Enchiridion XLVIII


The condition and characteristic of a vulgar person is that he never looks for either help or harm from himself, but only from externals. The condition and characteristic of a philosopher is that he looks to himself for all help or harm. The marks of a proficient are that he censures no one, praises no one, blames no one, accuses no one; says nothing concerning himself as being anybody or knowing anything. When he is in any instance hindered or restrained, he accuses himself; and if he is praised, he smiles to himself at the person who praises him; and if he is censured, he makes no defense. But he goes about with the caution of a convalescent, careful of interference with anything that is doing well but not yet quite secure. He restrains desire; he transfers his aversion to those things only which thwart the proper use of our own will; he employs his energies moderately in all directions; if he appears stupid or ignorant, he does not care; and, in a word, he keeps watch over himself as over an enemy and one in ambush.

Indeed on this model only one's self is one's proper enemy. The semblances outside cannot hurt you, not really; but you can hurt yourself, and badly, by doing wrong. If any of you actually read that novel I wrote, you'll recognize this principle: death cannot hurt you, but you can be hurt by life. Those parts that hurt you are the things you do that you shouldn't have done.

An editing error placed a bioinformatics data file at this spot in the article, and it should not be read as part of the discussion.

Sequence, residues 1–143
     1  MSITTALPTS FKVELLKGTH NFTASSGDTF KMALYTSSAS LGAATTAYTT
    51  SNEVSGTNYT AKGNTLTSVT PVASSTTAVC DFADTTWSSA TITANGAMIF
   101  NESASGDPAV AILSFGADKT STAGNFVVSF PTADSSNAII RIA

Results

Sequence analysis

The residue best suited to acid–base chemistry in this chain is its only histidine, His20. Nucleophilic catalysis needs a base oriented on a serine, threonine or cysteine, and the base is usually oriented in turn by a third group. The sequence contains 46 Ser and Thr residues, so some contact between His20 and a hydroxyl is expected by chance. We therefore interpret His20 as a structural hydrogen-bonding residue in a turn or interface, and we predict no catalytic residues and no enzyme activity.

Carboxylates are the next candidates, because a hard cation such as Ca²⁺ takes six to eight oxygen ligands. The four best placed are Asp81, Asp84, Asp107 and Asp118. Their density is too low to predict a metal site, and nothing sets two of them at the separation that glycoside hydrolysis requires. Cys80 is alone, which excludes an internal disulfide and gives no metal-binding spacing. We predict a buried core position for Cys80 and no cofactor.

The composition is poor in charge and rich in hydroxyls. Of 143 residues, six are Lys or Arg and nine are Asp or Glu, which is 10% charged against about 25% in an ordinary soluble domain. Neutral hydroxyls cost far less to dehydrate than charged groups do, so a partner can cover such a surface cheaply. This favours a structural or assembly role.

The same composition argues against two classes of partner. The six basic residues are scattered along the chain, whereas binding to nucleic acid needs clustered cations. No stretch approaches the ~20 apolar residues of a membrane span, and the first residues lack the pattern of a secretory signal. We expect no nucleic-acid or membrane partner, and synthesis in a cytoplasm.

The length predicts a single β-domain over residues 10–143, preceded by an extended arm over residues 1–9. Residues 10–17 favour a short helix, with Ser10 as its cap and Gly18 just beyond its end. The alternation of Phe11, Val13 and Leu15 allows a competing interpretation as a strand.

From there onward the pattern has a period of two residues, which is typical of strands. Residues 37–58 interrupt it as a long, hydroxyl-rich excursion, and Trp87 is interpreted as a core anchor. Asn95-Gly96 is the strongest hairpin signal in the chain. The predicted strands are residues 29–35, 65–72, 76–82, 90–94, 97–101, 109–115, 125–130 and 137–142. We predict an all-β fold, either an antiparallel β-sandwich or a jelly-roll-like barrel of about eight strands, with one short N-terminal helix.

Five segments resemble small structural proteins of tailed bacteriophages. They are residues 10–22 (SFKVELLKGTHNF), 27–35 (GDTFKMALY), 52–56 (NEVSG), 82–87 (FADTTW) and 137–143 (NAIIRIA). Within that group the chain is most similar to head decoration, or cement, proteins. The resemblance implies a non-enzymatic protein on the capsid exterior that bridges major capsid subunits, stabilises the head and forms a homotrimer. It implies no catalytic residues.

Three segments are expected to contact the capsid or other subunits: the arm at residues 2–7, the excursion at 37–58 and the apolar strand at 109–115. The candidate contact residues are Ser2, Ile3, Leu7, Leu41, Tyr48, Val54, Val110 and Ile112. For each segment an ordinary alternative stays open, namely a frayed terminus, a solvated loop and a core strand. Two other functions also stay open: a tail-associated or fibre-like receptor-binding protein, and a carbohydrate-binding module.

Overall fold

Yet Epictetus' instruction here is in tension with an earlier description, from chapter V: "When, therefore, we are hindered or disturbed, or grieved, let us never impute it to others, but to ourselves—that is, to our own views. It is the action of an uninstructed person to reproach others for his own misfortunes; of one entering upon instruction, to reproach himself; and one perfectly instructed, to reproach neither others nor himself." 

The tension is resolved if we accept this as degrees of mastery. It is the mark of a proficient to accuse himself if he is hindered or restrained; but the master reproaches no one, neither himself nor anyone else. The master takes the ride: he forgives everything, and he forgives others as he forgives himself. In this way the Stoic satisfies the most powerful commandments of a religion he did not share. 

No comments: